TABLE 5
Library Position LibPosition Experiment Intensity Color
120000 1 1200000001 201 30 yellow
120000 2 1200000002 201 32 white
120000 3 1200000003 201 5 pink
120000 4 1200000004 201 4.5 yellow
120000 5 1200000005 201 55 yellow
120000 6 1200000006 201 53 pink
120000 7 1200000007 201 6 white
120000 8 1200000008 201 5 white

All experiments performed on members of a library can be identified, for example, determining the set of all unique ClassName values from the Experiment table for a given library ID. The data for different experiments on a given library can be associated, for example, by (1) determining the set of library-specific tables based on the library identifier, (2) juxtaposing data from those tables using the LibPosition values.

The result of juxtaposing data from experiment tables according to the LibPosition values is shown in Table 6 below. Table 6 associates data from the synthesis and characterization experiments on library 100000, and associates data from the synthesis and screening experiments for library 120000. Relational join is not used to produce Table 6 because the number of rows for a given experiment-library-position in one table is not the same as the number of rows for that experiment-library-position in another table.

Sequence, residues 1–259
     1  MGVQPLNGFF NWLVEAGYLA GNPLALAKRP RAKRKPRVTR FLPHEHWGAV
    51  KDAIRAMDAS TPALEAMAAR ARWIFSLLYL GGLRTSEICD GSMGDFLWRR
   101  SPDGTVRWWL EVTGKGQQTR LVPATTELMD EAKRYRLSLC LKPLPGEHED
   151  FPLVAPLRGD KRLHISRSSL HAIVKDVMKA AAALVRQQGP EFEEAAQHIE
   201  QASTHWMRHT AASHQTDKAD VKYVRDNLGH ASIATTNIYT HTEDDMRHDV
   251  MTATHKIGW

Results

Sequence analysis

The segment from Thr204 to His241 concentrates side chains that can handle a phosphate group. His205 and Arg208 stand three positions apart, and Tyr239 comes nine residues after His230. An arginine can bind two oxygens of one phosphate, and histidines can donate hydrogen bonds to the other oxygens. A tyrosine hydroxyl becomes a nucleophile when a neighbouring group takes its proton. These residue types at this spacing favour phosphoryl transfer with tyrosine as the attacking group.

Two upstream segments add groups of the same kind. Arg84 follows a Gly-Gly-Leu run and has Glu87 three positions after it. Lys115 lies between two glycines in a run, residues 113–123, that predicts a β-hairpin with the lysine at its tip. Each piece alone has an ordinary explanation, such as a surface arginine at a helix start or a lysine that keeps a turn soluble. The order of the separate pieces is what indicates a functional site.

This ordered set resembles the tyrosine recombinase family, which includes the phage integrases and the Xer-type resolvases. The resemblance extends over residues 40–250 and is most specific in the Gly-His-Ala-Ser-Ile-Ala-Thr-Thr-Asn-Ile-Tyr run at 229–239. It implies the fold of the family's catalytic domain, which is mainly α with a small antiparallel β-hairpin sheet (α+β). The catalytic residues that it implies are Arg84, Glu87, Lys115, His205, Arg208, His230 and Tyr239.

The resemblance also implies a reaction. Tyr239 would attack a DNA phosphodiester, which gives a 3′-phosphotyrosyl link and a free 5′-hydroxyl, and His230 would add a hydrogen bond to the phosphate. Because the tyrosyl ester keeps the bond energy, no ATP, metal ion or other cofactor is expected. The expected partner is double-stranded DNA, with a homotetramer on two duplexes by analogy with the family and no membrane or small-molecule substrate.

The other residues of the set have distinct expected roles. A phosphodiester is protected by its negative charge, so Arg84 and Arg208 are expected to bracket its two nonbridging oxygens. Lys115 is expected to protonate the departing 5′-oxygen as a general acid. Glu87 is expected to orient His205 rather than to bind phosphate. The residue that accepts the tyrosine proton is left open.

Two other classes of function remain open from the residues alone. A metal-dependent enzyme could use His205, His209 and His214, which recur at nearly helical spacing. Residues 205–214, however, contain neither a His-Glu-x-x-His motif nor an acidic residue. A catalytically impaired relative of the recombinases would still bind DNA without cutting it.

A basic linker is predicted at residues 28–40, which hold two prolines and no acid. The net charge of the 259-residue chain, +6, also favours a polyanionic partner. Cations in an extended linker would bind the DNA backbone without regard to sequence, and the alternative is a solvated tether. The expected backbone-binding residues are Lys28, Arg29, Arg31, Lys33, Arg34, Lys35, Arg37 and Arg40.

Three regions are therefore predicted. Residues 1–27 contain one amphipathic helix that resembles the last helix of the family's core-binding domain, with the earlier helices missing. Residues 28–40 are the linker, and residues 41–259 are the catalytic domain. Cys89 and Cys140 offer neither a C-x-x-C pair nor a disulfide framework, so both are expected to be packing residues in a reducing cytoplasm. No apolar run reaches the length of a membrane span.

TABLE 6
Synthesis Characterization Screening
Syn Chemical Source Source Char Screen
Library Position LibPosition Exp Name Amount Library Position Exp Appearance Exp Conc
100000 1 1000000001 100 Chem A 10 101 Suspension
100000 1 1000000001 100 Chem B 10
100000 2 1000000002 100 Chem A 10 101 Clear
100000 2 1000000002 100 Chem B 100